links to 5+ helpful articles

1. At Least Try Not to Say ‘At Least’ by Virgil Fry [essential reading]

“Ever been in crisis, and some genuinely caring soul tries to lessen your pain with ‘at least …’?”

2. “Who Gets to Live in Victimville?”: Why I Participated in a New DocuSeries on the Clinton Affair by Monica Lewinsky

“Victim or vixen? That’s a question as old as time immemorial: Madonna or Whore? Predator or Prey? Dressed scantily or appropriately? Is she telling the truth or lying? … And it’s a question that is still debated about women in general. And about me. … Maybe, in 2018, it’s a question we should no longer be asking.”

3. Poor in Spirit and Poor in America

“I had been assuming that poverty – including poverty of spirit – is the poor person’s fault.”

4. What is the Word of God? [essential reading]

“Have we really replaced God with the word of God?”

More. “… the Bible incapable of doing what only God can do.”

5. From bicycle to social movements, the changing role of chaplains in the US

“Why is chaplaincy growing when institutional religious affiliation is on the decline?”

links to 4 helpful articles

1. New Criterion for Voting: Words [essential reading]

“… Luke 6:45, ‘What comes out of the mouth is what’s overflowing in the heart.’ The words we speak are windows into the human heart. What we say in a moment of anger or frustration reveals something about us, whether we like it or not. All of us at times have said things we wished we could take back. No one is immune from ‘foot-in-mouth’ disease. The problem with such moments is not that we say things we don’t mean; we say them precisely because we mean them.”

2. What Parents Need Most from Their Pastors After a Miscarriage

“How can we best serve couples after miscarriage (not just women) and ensure they access the practical and spiritual support they need as they grieve and heal?”

3. Hush: How to Tell if God’s Speaking

“God’s voice is declared in many ways. God speaks through circumstances. God communicates through dreams and visions. God speaks through beings like angels and people. God speaks powerfully through Scripture. And God speaks through the still and small voice of his Spirit. God desires to share his wisdom in a wide number of ways.”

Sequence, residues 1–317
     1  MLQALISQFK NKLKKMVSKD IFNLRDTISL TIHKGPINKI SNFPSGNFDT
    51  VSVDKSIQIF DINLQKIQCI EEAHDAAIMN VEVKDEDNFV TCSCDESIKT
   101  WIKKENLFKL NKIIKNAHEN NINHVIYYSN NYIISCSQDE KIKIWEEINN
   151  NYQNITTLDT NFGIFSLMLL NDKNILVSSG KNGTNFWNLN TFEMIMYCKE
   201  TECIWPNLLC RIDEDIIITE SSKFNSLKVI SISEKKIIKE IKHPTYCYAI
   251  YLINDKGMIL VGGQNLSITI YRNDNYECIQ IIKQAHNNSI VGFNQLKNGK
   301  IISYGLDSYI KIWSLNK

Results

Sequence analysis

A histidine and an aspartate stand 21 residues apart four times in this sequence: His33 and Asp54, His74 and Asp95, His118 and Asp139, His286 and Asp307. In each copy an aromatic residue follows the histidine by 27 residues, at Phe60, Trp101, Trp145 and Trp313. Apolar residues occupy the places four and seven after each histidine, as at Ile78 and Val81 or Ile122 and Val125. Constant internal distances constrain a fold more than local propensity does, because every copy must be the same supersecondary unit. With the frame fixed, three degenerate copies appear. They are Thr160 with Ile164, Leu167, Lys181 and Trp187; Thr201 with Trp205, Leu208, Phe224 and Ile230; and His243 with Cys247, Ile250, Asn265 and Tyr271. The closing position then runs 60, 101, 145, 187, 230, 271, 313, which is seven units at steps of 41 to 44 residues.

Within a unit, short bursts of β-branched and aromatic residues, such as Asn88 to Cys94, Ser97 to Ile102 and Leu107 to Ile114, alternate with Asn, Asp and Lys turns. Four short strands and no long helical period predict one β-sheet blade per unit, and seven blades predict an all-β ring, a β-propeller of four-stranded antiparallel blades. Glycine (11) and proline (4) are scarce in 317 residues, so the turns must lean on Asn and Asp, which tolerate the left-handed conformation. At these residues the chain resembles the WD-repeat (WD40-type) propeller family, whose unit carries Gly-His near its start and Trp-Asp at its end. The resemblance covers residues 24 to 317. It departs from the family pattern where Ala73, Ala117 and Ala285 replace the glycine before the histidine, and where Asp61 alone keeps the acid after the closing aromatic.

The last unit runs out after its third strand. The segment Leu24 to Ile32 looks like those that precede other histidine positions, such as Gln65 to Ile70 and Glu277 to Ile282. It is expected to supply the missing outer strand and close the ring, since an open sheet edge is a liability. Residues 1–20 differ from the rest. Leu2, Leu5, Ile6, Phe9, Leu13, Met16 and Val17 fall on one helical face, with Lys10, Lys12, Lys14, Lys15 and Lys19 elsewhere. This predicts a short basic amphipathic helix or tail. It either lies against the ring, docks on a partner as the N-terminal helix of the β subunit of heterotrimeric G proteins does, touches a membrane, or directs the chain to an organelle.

4. Use these 9 critical iPhone privacy and security settings right now

“I’ve written before that Apple is unique among modern tech giants in that it builds its products with privacy at the forefront. But many of those protections and tools available on every iPhone only make a difference if you’re aware of them–and judging from my conversations with friends, many people aren’t. If you’re an iPhone user, these are the security and privacy features you need to know about–and should be using.”

quote: gossip, spontaneity, and restraint

Spontaneity in prayer develops intimacy with God. But gossip and rumor (saying whatever comes into our minds without considering the consequences) are also products of spontaneity. We are encouraged to cultivate open, uncensored speech with God; it does not follow that our speech with other people should be without restraint.

Eugene Peterson

links to 5 helpful posts

1. Don’t Tell Your Child Not to Stare at Disabled People – We are Already Invisible Enough

“What should a parent or carer do instead? Recognize our differences, but highlight our similarities. … Perhaps most important is to model the right attitude towards disabled people: exercise empathy, not embarrassment.”

2. A new Ikea report is an unsettling look at life in the 21st century

“‘Life at home is changing, profoundly, all over the world,’ the report concludes.”

3. Half Right; Totally Wrong: Shallow Things Religious People Say by Joe McKeever